An understanding of the cantilevered, heel shock attenuating members may be best understood by reference to FIGS. 3, 4 and 5. The heel shock attenuating members 20 and 21 are identical in configuration. As can be seen in FIG. 3, shock attenuating members 20 and 21 are substantially U-shaped in orientation and are adapted to conform to the heel of the shoe. Each shock attenuating member 20 and 21 is constructed of a resilient material impermeable to the passage of fluid and defines enclosed chambers 24 and 25 which are adapted to enclose a pneumatic fluid such as air.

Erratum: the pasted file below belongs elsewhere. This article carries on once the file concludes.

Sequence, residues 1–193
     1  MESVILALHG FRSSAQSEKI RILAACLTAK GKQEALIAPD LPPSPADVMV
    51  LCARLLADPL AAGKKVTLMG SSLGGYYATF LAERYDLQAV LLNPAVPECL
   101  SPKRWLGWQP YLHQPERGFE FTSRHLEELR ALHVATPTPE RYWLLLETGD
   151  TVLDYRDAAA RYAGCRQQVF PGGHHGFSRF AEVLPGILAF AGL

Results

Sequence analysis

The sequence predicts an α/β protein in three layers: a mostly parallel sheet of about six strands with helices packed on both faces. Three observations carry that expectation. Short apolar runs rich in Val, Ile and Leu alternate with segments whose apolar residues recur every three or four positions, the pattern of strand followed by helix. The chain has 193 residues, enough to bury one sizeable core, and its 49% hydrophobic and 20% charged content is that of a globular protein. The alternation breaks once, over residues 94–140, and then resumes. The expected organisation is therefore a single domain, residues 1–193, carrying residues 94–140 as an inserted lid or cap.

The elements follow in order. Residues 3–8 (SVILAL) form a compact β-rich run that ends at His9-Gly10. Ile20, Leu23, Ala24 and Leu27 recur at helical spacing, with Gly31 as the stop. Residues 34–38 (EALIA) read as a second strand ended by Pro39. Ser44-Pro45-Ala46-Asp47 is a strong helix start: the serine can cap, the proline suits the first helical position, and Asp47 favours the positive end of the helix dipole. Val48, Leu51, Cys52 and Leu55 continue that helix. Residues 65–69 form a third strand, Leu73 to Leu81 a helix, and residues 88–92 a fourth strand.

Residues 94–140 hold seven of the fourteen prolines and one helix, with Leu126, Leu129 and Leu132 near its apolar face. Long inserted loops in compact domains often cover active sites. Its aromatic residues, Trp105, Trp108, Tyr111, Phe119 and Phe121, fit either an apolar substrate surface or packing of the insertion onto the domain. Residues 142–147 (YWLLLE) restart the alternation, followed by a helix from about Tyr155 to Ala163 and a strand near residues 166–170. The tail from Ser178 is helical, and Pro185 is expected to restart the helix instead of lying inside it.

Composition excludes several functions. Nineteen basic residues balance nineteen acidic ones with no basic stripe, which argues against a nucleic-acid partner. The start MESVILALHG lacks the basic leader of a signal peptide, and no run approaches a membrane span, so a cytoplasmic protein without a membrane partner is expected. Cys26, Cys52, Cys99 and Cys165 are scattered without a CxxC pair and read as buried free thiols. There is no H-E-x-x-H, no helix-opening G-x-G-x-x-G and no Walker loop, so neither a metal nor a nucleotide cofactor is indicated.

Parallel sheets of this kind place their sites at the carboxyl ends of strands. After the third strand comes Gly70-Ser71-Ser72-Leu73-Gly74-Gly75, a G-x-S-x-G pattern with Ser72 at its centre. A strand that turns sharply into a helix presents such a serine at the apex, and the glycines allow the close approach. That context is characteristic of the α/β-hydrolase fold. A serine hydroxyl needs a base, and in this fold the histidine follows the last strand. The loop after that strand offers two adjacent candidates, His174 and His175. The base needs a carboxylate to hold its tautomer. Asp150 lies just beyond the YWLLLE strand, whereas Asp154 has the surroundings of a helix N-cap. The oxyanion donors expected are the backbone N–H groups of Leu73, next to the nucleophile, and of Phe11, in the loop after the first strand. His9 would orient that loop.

FIG. 3 and FIG. 5 illustrate the structural details of shock attenuating member 20. It is understood the construction of shock attenuating member 21 is identical. The upper surface of shock attenuating member 20 is defined by a peripheral load alignment surface 26 which extends from the rear panel 27 to the front margins 28 and 29. The bottom surface 30 lies in a unitary plane. The rear panel 27 of shock attenuating member 20 extends upwardly from the bottom surface 30 and defines the maximum distance between peripheral load alignment surface 26 and bottom surface 30. As can be best seen in FIG. 4, peripheral load alignment surface 26 is tapered forwardly and downwardly from the upper terminus of rear panel 27 to margin 28. As can also be seen in FIG. 3 and FIG. 4, peripheral load alignment surface 26 is tapered downwardly and inwardly to inner margin 31. In the same manner as described hereinabove, shock attenuating member 21 is identical to shock attenuating member 20 and is defined by a peripheral load alignment surface 32, a bottom surface 33 and rear panel 34.